Wednesday, 16 November 2011

The Generation Game

The tattered copy of a copy of an old photo of me was taken on a beach in Guernsey in about 1964.  I was 29 and well able to walk on my hands, (something which never struck me as in any way remarkable until quite recently.

Youth and the quality of youthfulness are comparative terms.  While it seems natural for  instance, for one person to be able to do at 50 what they could at 20, for others it is not merely physically impossible, but unthinkable that they should wish to do so.
The quality of agelessness is one which has its source in a host of different things, but for me, it has something to do with having an interest in anything and everything.  Never closing one's mind totally to any idea, however bizarre or unlikely and being open to persuasion.

Another reason for the sometimes childlike behaviour of some fairly ancient people has I believe more than a little to do with still having parents, even at quite an advanced age.

In this way, despite the relentless march of time, you are still someone's child and there is still the feeling that not all of life's problems are yours to solve alone.

Even if the actual input of the remaining parent or parents is minimal, there is still the feeling that there is an older (wiser) generation to  turn to if the need arises.

Yesterday, a cousin rang me with the sad news that  his father (my father's last remaining brother) had died on Monday.  He would have been 103 had he survived another five days.

My father's parents had eleven children, my mother's parents four, and this was the very last of them, which suddenly brought home to me the realisation that we, my brothers and my cousins, are now the senior generation.  Suddenly we are not children any more.  Suddenly we have reluctantly to grow up.

A salutory thought, and one I don't relish.

While I am not about to try to stand on my hands I really don't want to be 'old' just yet.

I'm racking my brains to find another way to 'kick over the traces', just give me time, I'll find something.

"You are old father William, the young man said, and your hair has become very white, and yet you incessantly stand on your head, do you think at your age it  is right"?


  1. I find this ongoing journey into the discovery of you to be fascinating, in a good way.

    Nice scanning, too!

  2. Oh, I'm envious, Ray. You could stand on your hands, something I tried often to do but always without success. Sigh....

    My DH still has his mother, very much alive and with us at 87, if a bit more forgetful than she used to be. My mother died almost 30 years ago, when I was 36, five years after my father. As neither of our parents had surviving siblings and we therefore have no cousins, my sisters and I were suddenly the senior generation. A bit of a misnomer at ages ranging from 44 to 24, though we're looking a bit more senior nowadays :-)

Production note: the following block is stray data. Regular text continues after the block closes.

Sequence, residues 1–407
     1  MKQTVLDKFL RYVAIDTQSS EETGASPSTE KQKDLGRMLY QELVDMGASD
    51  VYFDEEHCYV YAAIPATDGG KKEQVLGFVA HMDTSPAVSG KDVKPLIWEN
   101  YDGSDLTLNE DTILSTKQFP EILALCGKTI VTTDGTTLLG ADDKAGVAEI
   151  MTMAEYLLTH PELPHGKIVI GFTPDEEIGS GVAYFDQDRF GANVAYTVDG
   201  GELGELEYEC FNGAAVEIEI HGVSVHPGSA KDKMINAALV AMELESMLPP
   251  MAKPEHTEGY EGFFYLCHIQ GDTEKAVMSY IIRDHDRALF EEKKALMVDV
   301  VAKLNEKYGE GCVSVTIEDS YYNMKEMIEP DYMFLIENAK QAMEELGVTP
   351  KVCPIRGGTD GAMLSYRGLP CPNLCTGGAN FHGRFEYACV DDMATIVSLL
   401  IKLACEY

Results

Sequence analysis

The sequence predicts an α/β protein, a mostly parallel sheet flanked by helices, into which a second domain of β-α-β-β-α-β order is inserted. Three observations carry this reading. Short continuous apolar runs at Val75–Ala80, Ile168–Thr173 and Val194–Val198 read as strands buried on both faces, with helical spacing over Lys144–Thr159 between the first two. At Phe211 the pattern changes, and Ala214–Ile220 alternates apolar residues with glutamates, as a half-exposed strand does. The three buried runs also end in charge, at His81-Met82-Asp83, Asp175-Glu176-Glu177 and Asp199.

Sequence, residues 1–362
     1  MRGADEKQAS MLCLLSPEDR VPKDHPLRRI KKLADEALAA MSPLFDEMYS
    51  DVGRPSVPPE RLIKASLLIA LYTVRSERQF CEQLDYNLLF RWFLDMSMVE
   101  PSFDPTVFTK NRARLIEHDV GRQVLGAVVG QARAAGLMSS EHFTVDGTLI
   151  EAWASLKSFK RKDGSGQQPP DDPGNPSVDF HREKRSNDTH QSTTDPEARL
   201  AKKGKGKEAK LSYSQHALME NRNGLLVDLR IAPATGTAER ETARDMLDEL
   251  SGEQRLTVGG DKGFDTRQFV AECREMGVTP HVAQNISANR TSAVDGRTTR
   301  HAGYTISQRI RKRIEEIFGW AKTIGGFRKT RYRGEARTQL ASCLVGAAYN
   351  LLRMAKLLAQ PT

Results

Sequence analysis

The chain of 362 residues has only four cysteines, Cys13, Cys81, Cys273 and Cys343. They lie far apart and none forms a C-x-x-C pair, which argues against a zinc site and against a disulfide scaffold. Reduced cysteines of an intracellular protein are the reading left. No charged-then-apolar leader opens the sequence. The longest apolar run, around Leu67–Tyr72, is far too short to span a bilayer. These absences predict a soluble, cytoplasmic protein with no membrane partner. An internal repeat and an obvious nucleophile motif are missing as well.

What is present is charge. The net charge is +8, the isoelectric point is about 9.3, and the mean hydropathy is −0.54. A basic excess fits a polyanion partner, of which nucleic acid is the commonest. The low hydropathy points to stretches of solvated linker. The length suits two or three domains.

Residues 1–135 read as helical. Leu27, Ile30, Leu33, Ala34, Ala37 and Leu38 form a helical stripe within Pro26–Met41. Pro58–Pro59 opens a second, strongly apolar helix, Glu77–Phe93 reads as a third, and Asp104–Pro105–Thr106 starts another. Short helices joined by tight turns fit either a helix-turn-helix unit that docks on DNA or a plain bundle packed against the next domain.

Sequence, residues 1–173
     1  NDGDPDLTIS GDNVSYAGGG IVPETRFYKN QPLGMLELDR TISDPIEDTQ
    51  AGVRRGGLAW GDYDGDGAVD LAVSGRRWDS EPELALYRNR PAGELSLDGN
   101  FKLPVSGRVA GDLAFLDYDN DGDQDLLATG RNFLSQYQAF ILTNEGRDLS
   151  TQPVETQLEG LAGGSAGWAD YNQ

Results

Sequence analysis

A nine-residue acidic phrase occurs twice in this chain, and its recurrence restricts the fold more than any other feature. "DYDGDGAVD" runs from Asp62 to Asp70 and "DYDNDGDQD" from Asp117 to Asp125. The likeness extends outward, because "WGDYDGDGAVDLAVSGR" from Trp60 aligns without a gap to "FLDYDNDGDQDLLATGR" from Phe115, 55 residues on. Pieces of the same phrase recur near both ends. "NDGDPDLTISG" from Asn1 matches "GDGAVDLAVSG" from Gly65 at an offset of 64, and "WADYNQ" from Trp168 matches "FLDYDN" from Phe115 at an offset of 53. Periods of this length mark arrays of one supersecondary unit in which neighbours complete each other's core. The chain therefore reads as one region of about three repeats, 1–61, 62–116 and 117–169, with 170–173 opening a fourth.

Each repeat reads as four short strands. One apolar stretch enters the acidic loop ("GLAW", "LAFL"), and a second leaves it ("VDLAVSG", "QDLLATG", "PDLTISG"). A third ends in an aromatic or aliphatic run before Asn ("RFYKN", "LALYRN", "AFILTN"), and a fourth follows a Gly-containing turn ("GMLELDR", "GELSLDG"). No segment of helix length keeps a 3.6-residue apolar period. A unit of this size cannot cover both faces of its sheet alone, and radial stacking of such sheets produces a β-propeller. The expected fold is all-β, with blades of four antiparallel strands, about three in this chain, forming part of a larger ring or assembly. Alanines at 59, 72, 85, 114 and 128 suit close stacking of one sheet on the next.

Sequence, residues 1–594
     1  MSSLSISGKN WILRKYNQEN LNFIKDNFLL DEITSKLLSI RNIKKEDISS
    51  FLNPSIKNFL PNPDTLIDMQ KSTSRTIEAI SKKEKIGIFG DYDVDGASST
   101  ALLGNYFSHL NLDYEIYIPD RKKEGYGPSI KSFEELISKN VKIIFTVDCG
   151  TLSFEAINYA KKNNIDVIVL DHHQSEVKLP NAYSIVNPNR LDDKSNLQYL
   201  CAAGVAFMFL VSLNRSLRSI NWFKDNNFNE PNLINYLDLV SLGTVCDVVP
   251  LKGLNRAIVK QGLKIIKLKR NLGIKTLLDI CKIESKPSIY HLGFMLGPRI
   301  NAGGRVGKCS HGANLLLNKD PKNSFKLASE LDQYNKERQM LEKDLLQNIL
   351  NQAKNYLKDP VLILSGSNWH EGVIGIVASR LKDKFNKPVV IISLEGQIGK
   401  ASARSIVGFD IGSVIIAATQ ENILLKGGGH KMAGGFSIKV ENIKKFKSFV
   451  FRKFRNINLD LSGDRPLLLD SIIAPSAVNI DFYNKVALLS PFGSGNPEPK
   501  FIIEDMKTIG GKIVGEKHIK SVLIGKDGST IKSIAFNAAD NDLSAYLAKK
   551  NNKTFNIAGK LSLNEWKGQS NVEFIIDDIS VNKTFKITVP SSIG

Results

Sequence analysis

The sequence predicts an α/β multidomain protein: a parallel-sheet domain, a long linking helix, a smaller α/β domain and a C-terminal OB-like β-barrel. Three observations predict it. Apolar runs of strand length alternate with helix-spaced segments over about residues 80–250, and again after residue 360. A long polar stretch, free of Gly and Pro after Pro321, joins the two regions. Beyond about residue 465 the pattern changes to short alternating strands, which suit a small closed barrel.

3. Aw Shucks David, what can I say? "Stick with me kid, you ain't heard nuttin' yet"

  4. Not quite sure why standing on my hands should be the subject of envy. So far as I'm aware it served no useful purpose - except perhaps to send a rush of blood to my brain.
    All of us sadly look more senior as time goes by.
    It's great to have cousins, though contact is minimal these days and there are now only thirteen where there were seventeen.

  5. Ray - 29 and still able to walk on your hands, I think that skill stopped when I was about 14! I love what you say about being open to everything - something I have to do as so many doors are closed physically for me being a mere 43 with a very aged 80 year old body (ok I probably exagerate but that is often what if feels like!).

  6. oooh now that has got me thinking - I do remember I could still do the splits at 28 - until I married my husband and got rheumatoid arthritis!

  7. Ray, I was a clumsy, totally unathletic nerd and would have given anything to be able to something as cool as walking on my hands. We have strange ambitions when we're young...

  8. Jane I'm sorry your physical condition prevents your doing anything so supremely useful as standing on your hands, and as for the comment about the splits.
    Do re-read it. It makes it sound as though your rheumatoid arthritis was retribution for marrying your husband.
    While I appreciate that it is both a painful and debilitating disease, not all youthful activities are physical.

  9. Perpetua, I too was useless at all organised games had no hand-eye coordination, and couldn't play any game where hitting, kicking, or throwing a ball into a net was considered desirable.
    I was, however, fleet of foot, supple and could run like the wind (when necessary).
    My great dream was to ice-skate, and since I couldn't even stand up in skating boots, that was a non-starter.
    As you say, we do indeed have strange ambitions when we're young.

  10. If you can take up blogging in your seventies, you are going to age well:)

  11. OK Anita we'll see. I hereby invite you to my 100th birthday party.

  12. Somewhere along the way my top-rated physical abilities faded. I played squash into my fifties, but now am struggling with the thought of trying to go to the over 60s badminton. But then you help me to realise that we are meant to mature and explore new horizons as we become older and wiser. I have this mental picture of loads of your readers trying to stand on their hands/heads or whatever! Let's hope it is not a nightmare.

  13. Oh Freda what a lovely picture, the mind boggles!
    I'm just mentally viewing all the over 60's in ST. M's, in just that position .....No....No really.
    More seriously, mental agility is at least as important as physical I'm sure, so we're alright
    aren't we?